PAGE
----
CBS 'Early Show' Guilts Viewers to Give Up Bottled Water for Earth Day

Maggie Rodriguez and Stephanie Soechtig, CBS In the 8:30AM ET half hour of Thursday's CBS Early Show, co-host Maggie Rodriguez introduced an Earth Day segment by proclaiming: "Americans throw away more than 30 billion plastic bottles every year....We have a film maker, Stephanie Soechtig, here with us, she has a documentary out called 'Tapped,' which looks the impact that all those bottles have had on the environment."

Rodriguez invited Soechtig to explain her mission: "What has your message been?" Soechtig responded: "we've been trying to educate people that bottled water's one of the greatest marketing scams of all time. 40% of bottled water is really just filtered tap water. And every day we throw away 30 million single serve bottles of water." A headline on-screen read: "Early's Earth Day; Filmmaker Says 'Get Off the Bottle!'"

Soechtig warned of the "tremendous impact" of bottled water on the environment: "there's a soup of plastic in the north Pacific that's twice the size of Texas, that's just littered with plastic. So this type of plastic getting out in the environment is hurting our sea life, it's hurting us....plastic is a byproduct of oil. So from the production of the plastic all the way through the disposal, it just has a tremendous carbon footprint."

Rodriguez then described Soechtig's solution to the problem: "if you encounter Stephanie along her travels, she will likely give you one of these. It's a 'Clean Canteen.' And you're advocating putting tap water in these instead of drinking bottled water." With that, Rodriguez held up a reusable water container made of, you guessed it, plastic.

Wanting to point out her commitment to saving the planet, Rodriguez bragged: "I only drink tap water." Fill-in news reader Betty Nguyen chimed in: "I do, too." Rodriguez also observed: "By the way, it saves me a ton of money, to boot, not only saving the environment."

In concluding the segment, Rodriguez declared: "Stephanie, thank you....Thank you for helping us commemorate Earth Day. Important message." She then handed a 'Clean Canteen' to fellow co-host Harry Smith, who replied: "Thank you very much. I want one of those."  

In a similar demand for people not to use a particular product, on Wednesday, the Early Show touted a report asking the government to "take salt off the table." 

Here is a full transcript of the segment:

8:30AM

MAGGIE RODRIGUEZ: Welcome back to the Early Show on this Earth Day. Americans throw away more than 30 billion plastic bottles every year.

HARRY SMITH: Wait a minute, did you say billion? Billion with a 'B'?

RODRIGUEZ: 30 Billion with a 'B.'

SMITH: Okay.

RODRIGUEZ: We have a film maker, Stephanie Soechtig, here with us, she has a documentary out called 'Tapped,' which looks the impact that all those bottles have had on the environment. And for the past month, she has been collecting bottles in this truck so that everybody can see [Pointing to truck with transparent containers of plastic water bottles]. Good morning, Stephanie.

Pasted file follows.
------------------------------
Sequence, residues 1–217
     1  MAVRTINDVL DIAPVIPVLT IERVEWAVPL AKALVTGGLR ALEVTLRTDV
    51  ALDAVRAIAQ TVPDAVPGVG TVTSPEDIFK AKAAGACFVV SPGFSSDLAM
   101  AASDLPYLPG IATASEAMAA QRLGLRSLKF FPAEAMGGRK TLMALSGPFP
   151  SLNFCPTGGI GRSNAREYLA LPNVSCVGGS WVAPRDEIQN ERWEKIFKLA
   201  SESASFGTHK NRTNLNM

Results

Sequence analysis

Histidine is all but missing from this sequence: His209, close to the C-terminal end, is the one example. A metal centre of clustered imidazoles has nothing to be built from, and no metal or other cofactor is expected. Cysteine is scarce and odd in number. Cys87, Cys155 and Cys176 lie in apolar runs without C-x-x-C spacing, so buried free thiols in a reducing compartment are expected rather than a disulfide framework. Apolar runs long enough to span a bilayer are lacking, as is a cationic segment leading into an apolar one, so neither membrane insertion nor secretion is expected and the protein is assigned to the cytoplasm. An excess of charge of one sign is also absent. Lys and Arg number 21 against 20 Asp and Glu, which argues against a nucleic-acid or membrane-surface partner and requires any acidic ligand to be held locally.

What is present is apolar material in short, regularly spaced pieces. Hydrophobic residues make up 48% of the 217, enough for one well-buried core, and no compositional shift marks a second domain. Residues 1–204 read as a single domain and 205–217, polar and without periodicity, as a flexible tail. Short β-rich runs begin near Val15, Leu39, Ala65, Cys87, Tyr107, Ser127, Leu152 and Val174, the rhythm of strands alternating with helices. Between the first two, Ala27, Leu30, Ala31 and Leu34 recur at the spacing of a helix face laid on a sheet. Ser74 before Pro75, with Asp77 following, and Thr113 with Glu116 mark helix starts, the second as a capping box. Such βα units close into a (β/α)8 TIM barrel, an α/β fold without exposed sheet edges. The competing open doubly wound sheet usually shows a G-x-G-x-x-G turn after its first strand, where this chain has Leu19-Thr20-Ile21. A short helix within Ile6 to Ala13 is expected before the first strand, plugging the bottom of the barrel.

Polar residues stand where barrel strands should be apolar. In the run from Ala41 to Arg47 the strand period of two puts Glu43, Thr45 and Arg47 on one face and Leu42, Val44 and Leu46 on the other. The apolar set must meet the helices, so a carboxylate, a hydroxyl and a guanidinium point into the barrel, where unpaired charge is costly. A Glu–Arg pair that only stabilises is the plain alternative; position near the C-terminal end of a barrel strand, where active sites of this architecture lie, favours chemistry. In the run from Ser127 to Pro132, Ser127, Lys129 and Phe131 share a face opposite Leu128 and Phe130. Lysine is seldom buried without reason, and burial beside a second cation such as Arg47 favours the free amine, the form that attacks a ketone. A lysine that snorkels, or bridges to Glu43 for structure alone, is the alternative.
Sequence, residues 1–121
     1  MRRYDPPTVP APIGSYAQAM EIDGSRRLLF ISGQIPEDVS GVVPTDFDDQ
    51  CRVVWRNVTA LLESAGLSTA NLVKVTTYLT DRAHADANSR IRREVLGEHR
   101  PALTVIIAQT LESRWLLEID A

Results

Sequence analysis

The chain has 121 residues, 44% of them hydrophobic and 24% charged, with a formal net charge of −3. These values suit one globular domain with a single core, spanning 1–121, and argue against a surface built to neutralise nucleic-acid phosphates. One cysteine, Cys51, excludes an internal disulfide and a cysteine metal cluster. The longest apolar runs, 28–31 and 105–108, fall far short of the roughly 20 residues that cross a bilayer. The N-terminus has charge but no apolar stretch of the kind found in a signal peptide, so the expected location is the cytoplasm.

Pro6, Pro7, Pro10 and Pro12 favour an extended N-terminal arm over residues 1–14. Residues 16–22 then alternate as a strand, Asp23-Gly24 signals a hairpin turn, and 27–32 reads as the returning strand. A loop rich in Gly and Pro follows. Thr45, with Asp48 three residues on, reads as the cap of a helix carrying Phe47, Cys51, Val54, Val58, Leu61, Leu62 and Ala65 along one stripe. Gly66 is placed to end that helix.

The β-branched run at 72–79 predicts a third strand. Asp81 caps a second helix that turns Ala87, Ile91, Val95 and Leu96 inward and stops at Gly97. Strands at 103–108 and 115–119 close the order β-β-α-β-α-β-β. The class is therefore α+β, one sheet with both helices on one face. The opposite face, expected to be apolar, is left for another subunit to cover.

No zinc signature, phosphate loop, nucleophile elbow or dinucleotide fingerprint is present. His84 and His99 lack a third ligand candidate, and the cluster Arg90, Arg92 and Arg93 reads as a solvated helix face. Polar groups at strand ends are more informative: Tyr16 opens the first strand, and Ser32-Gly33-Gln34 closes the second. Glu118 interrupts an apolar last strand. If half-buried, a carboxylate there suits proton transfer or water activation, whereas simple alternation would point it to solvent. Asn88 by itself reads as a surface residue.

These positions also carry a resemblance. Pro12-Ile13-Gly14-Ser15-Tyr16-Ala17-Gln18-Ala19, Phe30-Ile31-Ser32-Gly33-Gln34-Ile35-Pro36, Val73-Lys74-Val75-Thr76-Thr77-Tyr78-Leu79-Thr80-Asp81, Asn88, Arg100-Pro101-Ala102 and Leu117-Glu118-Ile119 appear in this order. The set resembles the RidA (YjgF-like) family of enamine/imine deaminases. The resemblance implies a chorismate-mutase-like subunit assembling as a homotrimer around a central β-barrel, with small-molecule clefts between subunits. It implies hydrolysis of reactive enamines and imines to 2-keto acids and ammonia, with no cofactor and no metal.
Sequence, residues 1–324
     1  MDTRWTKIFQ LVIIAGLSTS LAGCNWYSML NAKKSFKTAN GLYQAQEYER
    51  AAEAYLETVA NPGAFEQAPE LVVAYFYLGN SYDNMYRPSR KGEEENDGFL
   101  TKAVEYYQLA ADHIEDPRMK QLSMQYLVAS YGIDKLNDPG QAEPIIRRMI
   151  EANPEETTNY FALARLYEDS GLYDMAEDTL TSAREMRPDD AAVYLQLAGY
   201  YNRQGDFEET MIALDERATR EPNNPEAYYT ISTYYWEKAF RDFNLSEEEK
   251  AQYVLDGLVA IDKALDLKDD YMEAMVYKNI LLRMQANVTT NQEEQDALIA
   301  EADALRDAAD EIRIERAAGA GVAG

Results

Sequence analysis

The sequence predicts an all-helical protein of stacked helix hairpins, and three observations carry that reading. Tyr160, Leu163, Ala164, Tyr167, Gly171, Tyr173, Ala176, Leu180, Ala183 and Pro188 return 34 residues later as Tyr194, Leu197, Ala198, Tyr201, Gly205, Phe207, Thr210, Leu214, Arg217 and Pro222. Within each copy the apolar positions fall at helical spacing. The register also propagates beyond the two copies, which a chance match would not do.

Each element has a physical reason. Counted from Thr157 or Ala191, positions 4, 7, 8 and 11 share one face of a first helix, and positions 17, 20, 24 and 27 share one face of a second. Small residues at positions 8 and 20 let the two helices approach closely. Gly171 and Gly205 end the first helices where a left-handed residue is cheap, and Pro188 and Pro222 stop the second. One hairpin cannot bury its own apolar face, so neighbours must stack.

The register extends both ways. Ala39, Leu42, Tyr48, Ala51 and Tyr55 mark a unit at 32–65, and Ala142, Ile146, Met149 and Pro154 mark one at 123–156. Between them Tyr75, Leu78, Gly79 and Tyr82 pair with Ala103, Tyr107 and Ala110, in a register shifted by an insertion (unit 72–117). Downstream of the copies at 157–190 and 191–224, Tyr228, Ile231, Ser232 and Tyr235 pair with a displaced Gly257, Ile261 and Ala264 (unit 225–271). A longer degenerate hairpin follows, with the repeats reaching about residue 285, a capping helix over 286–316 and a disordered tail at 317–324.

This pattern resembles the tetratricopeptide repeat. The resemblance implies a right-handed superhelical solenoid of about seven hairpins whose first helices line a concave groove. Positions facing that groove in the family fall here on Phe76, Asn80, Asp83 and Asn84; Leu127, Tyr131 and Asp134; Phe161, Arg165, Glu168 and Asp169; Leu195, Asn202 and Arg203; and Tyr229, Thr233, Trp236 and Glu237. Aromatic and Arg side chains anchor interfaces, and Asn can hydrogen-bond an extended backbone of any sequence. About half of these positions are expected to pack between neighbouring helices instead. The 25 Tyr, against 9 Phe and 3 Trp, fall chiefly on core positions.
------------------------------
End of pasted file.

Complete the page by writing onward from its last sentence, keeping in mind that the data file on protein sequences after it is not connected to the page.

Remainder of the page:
STEPAHNIE SOECHTIG: Good morning.

[ON-SCREEN HEADLINE: Early's Earth Day; Filmmaker Says 'Get Off the Bottle!']

RODRIGUEZ: You've been traveling the country collecting these bottles. Why and what has your message been?

SOECHTIG: Well, we've been trying to educate people that bottled water's one of the greatest marketing scams of all time. 40% of bottled water is really just filtered tap water. And every day we throw away 30 million single serve bottles of water. [Pointing to the truck] So this represents about four seconds worth of what we throw away every single day.

BETTY NGUYEN: 4 seconds?

HARRY SMITH: 4 seconds?

SOECHTIG: 4 seconds every day, into landfills and the ocean.

RODRIGUEZ: And what impact has this had on the environment?

SOECHTIG: Well, it's had a tremendous impact. I mean, there's a soup of plastic in the north Pacific that's twice the size of Texas, that's just littered with plastic. So this type of plastic getting out in the environment is hurting our sea life, it's hurting us, it's ending up back in our food chain. Every step along the way seems to be bad. It's also oil – plastic is a byproduct of oil. So from the production of the plastic all the way through the disposal, it just has a tremendous carbon footprint.

RODRIGUEZ: So if you encounter Stephanie along her travels, she will likely give you one of these. It's a 'Clean Canteen' [holds up plastic reusable container]. And you're advocating putting tap water in these instead of drinking bottled water. I only drink tap water.

NGUYEN: I do, too.

RODRIGUEZ: By the way, it saves me a ton of money, to boot, not only saving the environment.

NGUYEN: Exactly. And this would save you money, too, because you don't have to go to the stores and keep buying that bottled water. You just have to think a little and pack it.

SOECHTIG: Right.

RODRIGUEZ: Exactly. Which is easy. Stephanie, thank you.

SOECHTIG: Thanks so much.

RODRIGUEZ: Thank you for helping us commemorate Earth Day. Important message. Your 'Clean Canteen,' sir.

HARRY SMITH: Thank you very much. I want one of those.
Kyle Drennen
Kyle Drennen
Kyle Drennen is a News Analyst for MRC